Mercedes driver Lewis Hamilton dominated the Belgian Grand Prix to take his fifth victory in seven races this year and the 89th of his career.
Hamilton headed team-mate Valtteri Bottas to a Mercedes one-two, from Red Bull’s Max Verstappen.
The victory puts Hamilton 47 points – almost two clear wins – ahead of Verstappen in the championship.
The Briton is two victories away from Michael Schumacher’s all-time record and set to equal his seven titles.
It was another imperious performance from Hamilton, his fifth win in the last six races.
He took pole position from Bottas by more than half a second on Saturday, held on in front on the first lap, always a challenge at Spa with the long run from the La Source hairpin up the hill to Les Combes, and never looked back.
He is turning the season into one of total domination and looks unbeatable as he seeks to make Formula 1 history.
It was a staid race at the front, Hamilton too quick for Bottas and the Finn with enough to hold off Verstappen, as all three measured their pace to ensure their tyres held on for a long final stint after being forced into an early pit stop because of a safety car.
That was triggered on lap 10 when Antonio Giovinazzi lost control of his Alfa Romeo at the exit of the Fagnes chicane and bounced back onto the track, a stray front wheel from his car also wiping out George Russell’s Williams.
It was the second Belgian Grand Prix in succession in which the Italian has crashed out on his own.
That meant a stop for all the leaders, and as the race ticked on Hamilton began to express his concerns about his right front tyre, his mind on the blow-out on the final lap that almost cost him victory at Silverstone last month.
In the end, though, he had everything under control, as he seems to have for the season as a whole.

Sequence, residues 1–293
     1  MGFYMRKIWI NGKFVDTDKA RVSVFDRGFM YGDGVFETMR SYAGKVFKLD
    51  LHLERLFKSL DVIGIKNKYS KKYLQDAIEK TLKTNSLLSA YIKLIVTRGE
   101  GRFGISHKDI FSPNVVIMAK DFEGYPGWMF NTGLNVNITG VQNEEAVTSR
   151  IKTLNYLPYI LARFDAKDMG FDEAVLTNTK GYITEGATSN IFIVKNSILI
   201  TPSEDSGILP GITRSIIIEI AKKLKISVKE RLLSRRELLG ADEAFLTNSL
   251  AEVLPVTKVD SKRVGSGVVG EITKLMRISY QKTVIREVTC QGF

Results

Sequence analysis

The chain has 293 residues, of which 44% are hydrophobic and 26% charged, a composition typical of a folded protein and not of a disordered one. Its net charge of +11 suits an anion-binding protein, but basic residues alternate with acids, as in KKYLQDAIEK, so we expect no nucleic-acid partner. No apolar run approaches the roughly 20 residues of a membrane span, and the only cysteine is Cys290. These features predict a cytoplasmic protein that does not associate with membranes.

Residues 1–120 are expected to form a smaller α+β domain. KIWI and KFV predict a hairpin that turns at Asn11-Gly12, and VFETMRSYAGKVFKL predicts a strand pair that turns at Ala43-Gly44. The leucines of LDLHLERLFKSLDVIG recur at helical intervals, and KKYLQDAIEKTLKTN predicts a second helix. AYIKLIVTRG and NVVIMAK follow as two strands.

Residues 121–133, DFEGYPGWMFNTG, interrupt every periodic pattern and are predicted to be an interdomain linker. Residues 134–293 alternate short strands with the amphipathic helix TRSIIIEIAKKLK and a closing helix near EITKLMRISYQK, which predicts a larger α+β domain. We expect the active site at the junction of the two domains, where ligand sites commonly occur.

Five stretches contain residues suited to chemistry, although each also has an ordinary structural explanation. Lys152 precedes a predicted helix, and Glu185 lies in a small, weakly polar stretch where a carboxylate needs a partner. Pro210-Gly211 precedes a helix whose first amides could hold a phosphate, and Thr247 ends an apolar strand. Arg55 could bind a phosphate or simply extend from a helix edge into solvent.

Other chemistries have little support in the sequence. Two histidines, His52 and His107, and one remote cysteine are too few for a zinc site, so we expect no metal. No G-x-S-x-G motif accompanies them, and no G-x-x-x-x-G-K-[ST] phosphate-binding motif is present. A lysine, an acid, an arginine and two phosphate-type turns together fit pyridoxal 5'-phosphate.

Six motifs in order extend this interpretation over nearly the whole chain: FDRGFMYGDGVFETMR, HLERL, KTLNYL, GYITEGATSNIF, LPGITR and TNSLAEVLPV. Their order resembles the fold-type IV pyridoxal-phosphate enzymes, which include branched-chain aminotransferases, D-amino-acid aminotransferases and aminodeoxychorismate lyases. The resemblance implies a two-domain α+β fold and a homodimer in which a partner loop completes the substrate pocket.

Behind the top three
Daniel Ricciardo drove an excellent race in the Renault to turn his fourth place on the grid into the same result, well clear of the rest of the field, headed in the end by his team-mate Esteban Ocon, who took fifth place from Red Bull’s Alexander Albon on the final lap.
Albon managed to hold off McLaren’s Lando Norris, who made it a three-way battle between them in the closing laps.
Alpha Tauri’s Pierre Gasly and the Racing Points of Lance Stroll and Sergio Perez completed the top 10, Gasly and Perez using off-set strategies and not stopping under the safety car but fighting back through the field after later stops with fresher tyres.
It was a dire race for Ferrari, who started 13th and 14th and finished in the same positions, with Sebastian Vettel ahead of Charles Leclerc, both cars beaten by the Ferrari-engined Alfa Romeo of Kimi Raikkonen.
Leclerc made a great start to move upon to eighth place on the first lap from 13th on the grid, but the car’s lack of straight-line speed meant he dropped back down the field, cars picking him off on consecutive laps.
Ferrari switched him to a two-stop strategy, which dropped him to the back, but even so he took several laps to pass Romain Grosjean’s Ferrari-powered Haas in the closing stages.
Driver of the day
What happens next?
Another weekend, another race – in Italy at historic Monza. Hamilton is on a roll, and Ferrari could even be in worse shape there than they were at Spa.
What they said
Lewis Hamilton: “It wasn’t the easiest of races. I had a lock up into Turn 5 which started to give a bit of vibration and the tyre temps were slowly dropping. I am 35 going towards 36 but I feel better than ever. That is a positive and I am really grateful to the team.”
Valtteri Bottas: “Of course at the start it would have been a good opportunity but Lewis played it well and I couldn’t really get momentum. I think Lewis was faultless today and yesterday he was quick. It was a clean weekend for me. I’m just happy there’s an opportunity again next weekend.”
Max Verstappen: “It was pretty boring. Not much to do. I couldn’t keep up with them when they started pushing. The last eight laps I was just backing it out and saving the tyres. It was not really enjoyable out there today. It was a bit lonely.”
source: Andrew Benson
Chief F1 writer(BBC)